Wednesday, October 10, 2007

The argument that wasn't

Shane Wilkins at Scholasticus answered a comment I had made at Michael Liccione's blog. "Answered" might be a bit strong a term, as he has (at least to my way of thinking) been talking past Catholic views from the beginning, including my own.

I'll start with the beginning and the end, where Shane says:

In response, let me just note two things: first, I've never made the argument that catholicism as such implies a vice (although clearly I think one is capable of submitting to papal authority in a vicious way). What I'm trying to do is to show that protestantism does not imply a vice, contrary to some catholic detractors. It would also be a secondary goal of mine to show that protestantism and catholicism are on the same plane, epistemologically speaking.
...
I don't think I've ever claimed that all submission to authority ex officio is naive.

This is connected to the foregoing point. I did not try to prove that submission to authority ex officio is inherently naive just because that isn't what I believe. (My object is not to prove catholicism false.) Rather, I took it as sufficient to note that submission to authority ex officio is not always virtuous. (Which I take to be an utterly non-controversial point.) If this is the case, then once again, the onus lies on the catholics to show why submission to the Pope's authority (which is ex officio) is always virtuous. If I were trying to prove catholicism false, then yes I would have to prove that in all cases submission to the Pope's authority is vicious. As it turns out, that isn't the conclusion for which I'm arguing, and therefore I don't have to make that claim.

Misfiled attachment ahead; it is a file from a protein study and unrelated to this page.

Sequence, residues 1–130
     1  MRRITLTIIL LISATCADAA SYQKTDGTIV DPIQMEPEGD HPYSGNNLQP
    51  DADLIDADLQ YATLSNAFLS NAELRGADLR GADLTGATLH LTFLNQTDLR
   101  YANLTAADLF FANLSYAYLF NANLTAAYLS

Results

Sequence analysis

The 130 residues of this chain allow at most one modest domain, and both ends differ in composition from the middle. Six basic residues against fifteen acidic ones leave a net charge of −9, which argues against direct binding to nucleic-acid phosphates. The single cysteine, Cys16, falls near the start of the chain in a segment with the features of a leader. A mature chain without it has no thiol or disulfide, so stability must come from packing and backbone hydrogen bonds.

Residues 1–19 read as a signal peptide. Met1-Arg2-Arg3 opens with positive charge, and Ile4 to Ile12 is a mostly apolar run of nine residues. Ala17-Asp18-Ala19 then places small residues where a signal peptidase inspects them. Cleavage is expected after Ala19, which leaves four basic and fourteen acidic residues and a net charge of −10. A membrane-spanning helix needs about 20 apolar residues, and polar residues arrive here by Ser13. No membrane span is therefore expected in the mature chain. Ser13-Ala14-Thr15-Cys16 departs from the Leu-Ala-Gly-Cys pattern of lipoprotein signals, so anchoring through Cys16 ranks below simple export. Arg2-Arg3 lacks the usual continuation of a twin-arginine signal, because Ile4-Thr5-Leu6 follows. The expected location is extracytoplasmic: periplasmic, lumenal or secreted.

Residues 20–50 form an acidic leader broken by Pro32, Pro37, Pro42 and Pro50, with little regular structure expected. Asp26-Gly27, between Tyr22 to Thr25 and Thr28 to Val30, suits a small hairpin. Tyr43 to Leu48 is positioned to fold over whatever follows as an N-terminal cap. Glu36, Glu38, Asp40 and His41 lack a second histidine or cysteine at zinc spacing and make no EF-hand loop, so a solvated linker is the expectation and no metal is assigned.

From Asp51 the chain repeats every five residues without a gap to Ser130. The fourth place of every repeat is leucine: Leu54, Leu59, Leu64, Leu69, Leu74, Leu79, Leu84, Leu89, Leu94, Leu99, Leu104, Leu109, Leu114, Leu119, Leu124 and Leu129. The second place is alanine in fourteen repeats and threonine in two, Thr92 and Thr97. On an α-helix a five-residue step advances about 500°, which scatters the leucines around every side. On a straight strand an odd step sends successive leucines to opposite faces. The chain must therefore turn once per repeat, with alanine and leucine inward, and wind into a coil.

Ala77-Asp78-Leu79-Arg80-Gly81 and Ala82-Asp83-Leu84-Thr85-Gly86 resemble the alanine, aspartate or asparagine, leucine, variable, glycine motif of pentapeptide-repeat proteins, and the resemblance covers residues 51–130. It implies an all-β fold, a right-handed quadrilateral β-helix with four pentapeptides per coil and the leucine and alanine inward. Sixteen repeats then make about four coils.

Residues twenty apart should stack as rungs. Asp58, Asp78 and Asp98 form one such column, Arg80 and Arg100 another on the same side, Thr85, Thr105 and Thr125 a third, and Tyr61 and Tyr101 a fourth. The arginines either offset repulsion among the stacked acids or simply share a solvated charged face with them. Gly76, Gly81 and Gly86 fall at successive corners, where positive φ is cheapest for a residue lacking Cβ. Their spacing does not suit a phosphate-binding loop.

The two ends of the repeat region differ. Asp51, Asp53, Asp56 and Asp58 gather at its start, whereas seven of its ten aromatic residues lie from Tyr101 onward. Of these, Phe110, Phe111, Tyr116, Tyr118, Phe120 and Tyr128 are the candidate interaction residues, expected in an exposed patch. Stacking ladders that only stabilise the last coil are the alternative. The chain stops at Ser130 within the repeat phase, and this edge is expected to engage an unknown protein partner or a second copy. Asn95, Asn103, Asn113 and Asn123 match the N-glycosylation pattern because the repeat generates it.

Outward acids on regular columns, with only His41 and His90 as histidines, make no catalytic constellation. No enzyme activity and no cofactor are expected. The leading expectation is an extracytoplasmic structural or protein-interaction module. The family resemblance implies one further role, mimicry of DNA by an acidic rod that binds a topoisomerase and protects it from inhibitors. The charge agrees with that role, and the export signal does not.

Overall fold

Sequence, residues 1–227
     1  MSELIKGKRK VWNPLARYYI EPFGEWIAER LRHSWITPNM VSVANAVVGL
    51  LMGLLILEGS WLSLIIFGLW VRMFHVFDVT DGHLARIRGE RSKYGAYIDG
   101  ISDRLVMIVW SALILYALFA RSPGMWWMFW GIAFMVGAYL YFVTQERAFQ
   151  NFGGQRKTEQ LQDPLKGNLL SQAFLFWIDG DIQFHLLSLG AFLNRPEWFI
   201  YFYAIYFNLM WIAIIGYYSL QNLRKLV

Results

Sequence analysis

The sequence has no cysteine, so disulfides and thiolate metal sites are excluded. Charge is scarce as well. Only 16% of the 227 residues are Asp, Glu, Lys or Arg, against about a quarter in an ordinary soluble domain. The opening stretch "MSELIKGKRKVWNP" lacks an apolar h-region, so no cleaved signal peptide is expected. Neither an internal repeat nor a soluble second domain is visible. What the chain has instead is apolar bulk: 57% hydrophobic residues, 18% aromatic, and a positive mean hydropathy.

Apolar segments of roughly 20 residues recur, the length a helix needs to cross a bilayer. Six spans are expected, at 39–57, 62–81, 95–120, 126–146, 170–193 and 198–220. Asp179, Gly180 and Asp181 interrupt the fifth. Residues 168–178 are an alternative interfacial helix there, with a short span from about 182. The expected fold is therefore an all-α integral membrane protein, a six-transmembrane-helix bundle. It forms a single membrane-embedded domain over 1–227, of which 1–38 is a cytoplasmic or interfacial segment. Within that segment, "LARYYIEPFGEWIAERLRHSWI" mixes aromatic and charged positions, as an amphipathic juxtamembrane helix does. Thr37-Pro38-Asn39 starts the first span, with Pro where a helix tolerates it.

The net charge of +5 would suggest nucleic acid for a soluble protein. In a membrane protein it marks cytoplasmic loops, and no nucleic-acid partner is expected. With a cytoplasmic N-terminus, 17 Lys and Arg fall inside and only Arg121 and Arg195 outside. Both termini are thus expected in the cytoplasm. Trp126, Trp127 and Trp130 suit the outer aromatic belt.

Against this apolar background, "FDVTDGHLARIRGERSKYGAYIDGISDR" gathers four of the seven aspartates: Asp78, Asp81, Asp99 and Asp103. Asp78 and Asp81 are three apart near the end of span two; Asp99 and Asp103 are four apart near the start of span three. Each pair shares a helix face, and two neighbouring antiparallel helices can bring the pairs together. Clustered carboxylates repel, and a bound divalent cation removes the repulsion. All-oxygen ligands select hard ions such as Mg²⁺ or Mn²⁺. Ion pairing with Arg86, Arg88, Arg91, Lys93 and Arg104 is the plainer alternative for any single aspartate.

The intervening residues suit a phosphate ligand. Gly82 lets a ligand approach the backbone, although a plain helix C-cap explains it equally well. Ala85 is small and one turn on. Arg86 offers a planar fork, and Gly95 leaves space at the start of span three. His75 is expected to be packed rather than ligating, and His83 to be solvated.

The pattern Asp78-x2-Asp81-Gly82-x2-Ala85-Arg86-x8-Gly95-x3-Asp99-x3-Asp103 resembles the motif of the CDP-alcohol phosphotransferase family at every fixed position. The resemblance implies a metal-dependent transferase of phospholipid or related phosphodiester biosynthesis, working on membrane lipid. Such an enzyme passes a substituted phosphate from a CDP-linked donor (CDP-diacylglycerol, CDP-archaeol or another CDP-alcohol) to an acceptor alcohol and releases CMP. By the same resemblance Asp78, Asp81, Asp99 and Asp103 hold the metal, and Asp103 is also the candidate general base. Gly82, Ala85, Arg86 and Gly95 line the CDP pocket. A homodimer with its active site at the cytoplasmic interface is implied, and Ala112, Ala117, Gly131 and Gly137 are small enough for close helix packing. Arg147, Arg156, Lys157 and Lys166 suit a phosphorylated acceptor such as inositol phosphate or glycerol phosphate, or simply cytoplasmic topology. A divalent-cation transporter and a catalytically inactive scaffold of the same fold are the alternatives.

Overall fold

I would settle for ANY case in which submission to the Pope's authority is vicious, because you haven't done that either. Rather, what you described yourself as doing was showing the non-controversial point that submission to authority ex officio is not always virtuous, which does not prove that submission to any particular human authority is not always virtuous and far less that submission to the Pope ex officio in the relevant manner required by Catholic dogma is not always virtuous. Since the disputed claim is precisely whether submission to the papacy is always virtuous, it begs the question to say that it isn't. To date, you haven't even given us an argument to think that it isn't, nor have you made any effort to answer the Catholic reasons for thinking that it is.


I'm not sure why the onus is on me to prove the church isn't divine. One would think that a casual glance over the history of the church would make it seem extraordinarily difficult for you to prove that it is. In fact, there is no way in which you could prove it to a neutral third party. Belief in the divinity of the church comes by faith not by intellectual demonstration.

I didn't say that the onus was on you to do that, unless you are actually attempting to answer the Catholic view (I admit to being unclear as to what a "neutral third party" has to do with it). But if you are attempting to answer the Catholic view, then it would appear fairly clear that your argument that submission to the Pope in particular can be vicious turns on a disputed premise. As to what that disputed premise is, I can move to the middle of Shane's reply.

But if you have to take the authority of the church on faith, then in what sense is catholicism superior to protestantism, or for that matter the JWs or Mormons? In fact it isn't. We're all in the same fix--we have insufficient evidence to establish the conclusion which we accept on faith.

If we were all in the same fix, then none of us should believe any of them. That's a bit brutal, but so is the natural prohibition on idolatry: you can't worship what you do not know for certain is God. The entire point of Catholic faith is that the divine action of the Church is the cause of all our knowledge of divine things. And the rejoinder to everyone else is "what divine action is the cause of your certain knowledge of divine things?" If the chain terminates on someone's subjectivity, I don't buy it. The JWs and the Mormons didn't receive their apostolate from someone laying hands on them who received it from someone laying hands on them, etc.; they claim to have been inspired directly by the Holy Spirit. You appear to have the same notion of faith as some sort of internal disposition that you think the Holy Spirit gave you. Not good, particularly if you admit that the little bug in your ear is talking you into believing things that you know you don't have sufficient evidence to believe.